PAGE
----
If you were given the opportunity to create your ideal early years setting, what form would it take? How would staff teach and children learn? What would be your core philosophy?
Just such a blank canvas was what Tracey Bowen inherited when, in 2014, she was appointed headteacher of the then yet-to-open Langley Academy Primary in Slough.
A three-form entry free school, founded to complement its trust’s existing secondary academy, it welcomed in its first Reception pupils in September 2015, promising to champion ‘curiosity, exploration and discovery’; last year it received a glowing ‘outstanding’ Ofsted report in recognition of a child-centred approach that’s both delivering early years provision focused solely on children’s interests and employing the very same principles in Key Stage 1 and beyond.
For Tracey and deputy head, Grace Shaw, Langley offered a fantastic opportunity to identify what the best early years practice looked like and to build the school’s curriculum and wider philosophy around it.
“Pre-opening I had the luxury of being able to do a lot of research,” Tracey explains.
“I came across the Early Excellence centre, and through there was directed towards Professor Ferre Laevers and his Leuven well-being and involvement scale, and then the work of of Anna Ephgrave, Alistair Bryce-Clegg and Julie Fisher, all of which really helped us in developing our child-centred approach.”
“We were in the lovely position of planning from Reception up, rather than Year 6 down,” Grace agrees.
“The idea that the brain’s favourite way to learn and research is through play formed every decision we were making. What we didn’t have was the thought that early years would be one way, and then in Key Stage 1 we’d train our children to behave in a different way.
“We wanted everything that was happening in Key Stage 1 to be everything that was happening in early years and more – just because the children went away on holiday for six weeks in the summer didn’t mean that these amazing learners we’d finished with at the end of Reception somehow needed a completely different approach.”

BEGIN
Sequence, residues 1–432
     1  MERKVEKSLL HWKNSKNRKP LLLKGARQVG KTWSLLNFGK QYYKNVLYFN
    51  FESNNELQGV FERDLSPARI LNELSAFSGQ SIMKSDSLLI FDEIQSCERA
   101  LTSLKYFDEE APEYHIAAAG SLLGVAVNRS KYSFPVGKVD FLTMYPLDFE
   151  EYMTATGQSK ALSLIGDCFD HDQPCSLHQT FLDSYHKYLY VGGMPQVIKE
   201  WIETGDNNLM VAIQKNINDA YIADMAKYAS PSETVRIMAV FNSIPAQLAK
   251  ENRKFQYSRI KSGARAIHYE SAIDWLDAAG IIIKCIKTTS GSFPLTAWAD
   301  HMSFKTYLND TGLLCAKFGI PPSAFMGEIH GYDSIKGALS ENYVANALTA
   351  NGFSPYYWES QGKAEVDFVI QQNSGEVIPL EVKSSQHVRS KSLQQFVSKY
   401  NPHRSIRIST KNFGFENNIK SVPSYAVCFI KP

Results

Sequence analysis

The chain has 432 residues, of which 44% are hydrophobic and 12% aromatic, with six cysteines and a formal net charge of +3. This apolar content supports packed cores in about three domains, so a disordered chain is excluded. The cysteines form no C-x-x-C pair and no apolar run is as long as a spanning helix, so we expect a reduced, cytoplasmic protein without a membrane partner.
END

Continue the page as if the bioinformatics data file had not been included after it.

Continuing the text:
In Langley’s early years classrooms, this commitment to educating young children in a manner that puts their needs first has resulted in a distinctly untraditional approach to teaching.
A large proportion of every day is given over to free-flow, with formal English, maths and phonics sessions restricted to five- or 10-minute interactions. Indeed, the school building itself was designed with free-flow in mind, with rooms separated by acoustic curtains and providing unfettered access to outdoor spaces.
“We’re not expecting our nursery and Reception children to sit for a teacher input, in small guided groups; what we do is bring the learning to children’s interests,” Grace explains.
This is made possible by Langley’s flexible approach to planning, which keeps track of where children should be and the skills required to get there, but leaves the route taken each week wide open: “What the children do today informs what we do tomorrow,” Grace says.
“Our planning is done on a daily basis, based on observations, based on the children’s interests, based on what they’re showing us. We then extend and develop that learning. It happens in nursery, in Reception and right through Key Stage 1 as well.”
To support this, staff ratios of 1:10 operate in Year R, providing the capacity required to tailor the curriculum to individual children’s interests on an ongoing basis. “It’s not unheard of for small groups to leave the school,” Tracey tells us.